IN A career defined by audacious takeovers, Patrick Drahi’s bid for Sotheby’s ranks as perhaps the most surprising of all.
The French-Israeli tycoon has long followed his own path in business, tapping the market for junk-rated debt to help build the second-biggest telecom company in France. And Drahi shunned the elite bastions of Paris by listing Altice Europe NV in Amsterdam and settling in the alpine town of Zermatt, Switzerland.
When this consummate outsider announced on June 17 that he would shell out $2.7 billion to purchase Sotheby’s, the iconic 275-year-old auction house, a raft of questions followed. Is he seeking a trophy asset to sit on his shelf, or will he shake up a firm that had seen its share price tumble by 40% in a year? Is it wise to pile more debt onto Sotheby’s? And just who is Drahi anyway?
One thing is already clear: the bid opens a new chapter for an entrepreneur who turned a $9,000 student loan into an $8.5 billion fortune, making him the sixth-richest person in France, according to the Bloomberg Billionaires Index.
It’s also possible that other bidders could challenge Drahi’s offer, which was set at a 61% premium to Sotheby’s closing share price on June 14. On Friday, the New York Post reported that other potential buyers may be circling, which pushed the firm’s stock above the offering price. If Sotheby’s accepted a rival bid, it would have to pay Drahi a termination fee of almost $111 million, according to a regulatory filing.
SOTHEBY’S MAY GET OTHER OFFERS AFTER DRAHI
In any event, Drahi, 55, said little about his reason for the acquisition in Monday’s statement, save that he’s long been a client and admirer of Sotheby’s. He declined to be interviewed for this article.
Arthur Dreyfuss, a spokesman for Drahi, said the purchase “is a long-term family investment in an industry he is passionate about.”
The bid roiled the art world and sent dealers scrambling for information about the man, who wasn’t widely known as a serious collector. Experts steeped in the ebb and flow of the market were hard-pressed to identify what paintings he’s bought, although a person with knowledge of Drahi’s collection said he owns pieces by Picasso, Matisse, and Chagall, as well as works by 19th century French masters Gericault and Delacroix.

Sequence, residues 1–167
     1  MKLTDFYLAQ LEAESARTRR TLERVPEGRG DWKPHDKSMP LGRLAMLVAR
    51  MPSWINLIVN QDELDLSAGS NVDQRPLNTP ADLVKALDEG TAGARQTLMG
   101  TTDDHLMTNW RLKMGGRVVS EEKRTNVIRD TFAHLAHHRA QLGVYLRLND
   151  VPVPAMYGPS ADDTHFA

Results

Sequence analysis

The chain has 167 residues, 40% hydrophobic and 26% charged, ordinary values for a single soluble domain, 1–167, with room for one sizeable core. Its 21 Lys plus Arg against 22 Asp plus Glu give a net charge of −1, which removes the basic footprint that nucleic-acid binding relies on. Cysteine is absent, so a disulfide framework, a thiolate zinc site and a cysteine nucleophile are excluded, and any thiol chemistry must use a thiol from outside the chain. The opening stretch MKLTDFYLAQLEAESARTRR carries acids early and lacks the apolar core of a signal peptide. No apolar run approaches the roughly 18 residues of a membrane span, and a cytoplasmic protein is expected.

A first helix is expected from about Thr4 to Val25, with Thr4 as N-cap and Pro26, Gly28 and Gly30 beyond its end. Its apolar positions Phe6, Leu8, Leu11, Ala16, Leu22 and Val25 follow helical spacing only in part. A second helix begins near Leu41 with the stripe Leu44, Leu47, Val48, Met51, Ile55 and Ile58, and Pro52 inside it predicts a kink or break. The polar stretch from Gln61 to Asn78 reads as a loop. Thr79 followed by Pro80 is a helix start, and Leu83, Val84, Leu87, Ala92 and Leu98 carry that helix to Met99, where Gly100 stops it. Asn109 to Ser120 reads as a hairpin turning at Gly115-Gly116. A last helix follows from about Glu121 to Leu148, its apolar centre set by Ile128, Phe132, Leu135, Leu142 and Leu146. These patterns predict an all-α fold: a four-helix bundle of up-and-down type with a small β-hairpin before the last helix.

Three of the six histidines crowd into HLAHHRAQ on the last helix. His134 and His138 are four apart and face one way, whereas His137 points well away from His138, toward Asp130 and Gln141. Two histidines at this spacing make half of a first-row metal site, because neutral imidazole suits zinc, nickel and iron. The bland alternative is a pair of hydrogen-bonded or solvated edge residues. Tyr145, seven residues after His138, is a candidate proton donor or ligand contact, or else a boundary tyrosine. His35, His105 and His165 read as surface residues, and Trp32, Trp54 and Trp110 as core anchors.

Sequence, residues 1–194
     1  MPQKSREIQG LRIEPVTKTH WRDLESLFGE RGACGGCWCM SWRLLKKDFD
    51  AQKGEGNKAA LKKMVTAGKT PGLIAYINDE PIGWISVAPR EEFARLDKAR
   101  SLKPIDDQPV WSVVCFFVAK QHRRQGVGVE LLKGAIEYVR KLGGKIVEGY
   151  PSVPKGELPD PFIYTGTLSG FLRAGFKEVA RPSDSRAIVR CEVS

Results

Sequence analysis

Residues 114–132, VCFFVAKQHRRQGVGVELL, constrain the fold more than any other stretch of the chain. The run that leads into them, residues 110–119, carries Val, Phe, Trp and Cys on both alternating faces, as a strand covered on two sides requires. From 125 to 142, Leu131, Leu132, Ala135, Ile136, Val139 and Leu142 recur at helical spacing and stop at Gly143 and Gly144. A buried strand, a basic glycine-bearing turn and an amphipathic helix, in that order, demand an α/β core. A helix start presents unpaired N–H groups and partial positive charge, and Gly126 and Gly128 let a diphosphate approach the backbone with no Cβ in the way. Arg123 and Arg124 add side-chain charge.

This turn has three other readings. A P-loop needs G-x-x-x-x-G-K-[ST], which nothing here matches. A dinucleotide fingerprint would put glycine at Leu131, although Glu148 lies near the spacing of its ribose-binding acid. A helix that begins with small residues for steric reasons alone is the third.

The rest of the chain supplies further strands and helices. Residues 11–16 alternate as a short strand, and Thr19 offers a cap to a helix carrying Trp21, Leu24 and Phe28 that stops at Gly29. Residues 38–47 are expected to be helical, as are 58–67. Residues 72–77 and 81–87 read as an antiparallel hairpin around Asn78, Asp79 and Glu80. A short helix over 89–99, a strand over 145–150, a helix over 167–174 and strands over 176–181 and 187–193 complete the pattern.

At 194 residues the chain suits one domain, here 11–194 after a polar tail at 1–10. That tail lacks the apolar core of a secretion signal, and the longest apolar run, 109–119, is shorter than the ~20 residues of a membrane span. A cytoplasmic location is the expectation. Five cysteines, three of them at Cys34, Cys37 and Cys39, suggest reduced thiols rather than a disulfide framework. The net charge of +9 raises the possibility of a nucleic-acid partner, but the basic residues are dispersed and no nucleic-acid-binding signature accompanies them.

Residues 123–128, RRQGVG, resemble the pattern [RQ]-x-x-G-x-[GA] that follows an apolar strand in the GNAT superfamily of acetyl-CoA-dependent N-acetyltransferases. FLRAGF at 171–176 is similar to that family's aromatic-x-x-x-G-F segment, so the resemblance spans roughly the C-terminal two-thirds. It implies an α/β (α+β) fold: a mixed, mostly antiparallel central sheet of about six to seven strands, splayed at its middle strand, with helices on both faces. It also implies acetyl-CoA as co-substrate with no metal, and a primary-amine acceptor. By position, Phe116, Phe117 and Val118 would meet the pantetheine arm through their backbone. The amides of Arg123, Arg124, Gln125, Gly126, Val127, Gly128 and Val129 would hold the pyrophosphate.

Born in Casablanca, Drahi moved to southern France from Morocco when he was 15. He attended his first art auction around then, though at that age he could only observe. That changed by 2007, the year he cobbled together regional cable operators into a new company called Numericable. Drahi likes to steal an hour or two while on business trips and visit local galleries and cathedrals, as he did on a recent detour to the Louvre’s outpost in the northern French city of Lens, said the person, who asked not to be identified.
Taking Sotheby’s private after 31 years on the New York Stock Exchange will certainly make Drahi an influential figure in the market for fine art and collectibles, which amounted to $67.4 billion last year, according to an annual report published by UBS Group AG and Art Basel.
He will stand opposite Francois Pinault, the French billionaire who founded a luxury-goods empire that encompasses names like Gucci and St. Laurent and controls Christie’s, Sotheby’s historic rival. In acquiring Sotheby’s, Drahi would mirror A. Alfred Taubman, the late American shopping mall developer, who scooped up Sotheby’s in 1983 and took it private.
“People didn’t know Alfred incredibly well at the time, but it gave him instant fame in the art and cultural world,” says Warren Weitman, a former Sotheby’s executive and co-founder of Art Market Advisors in New York.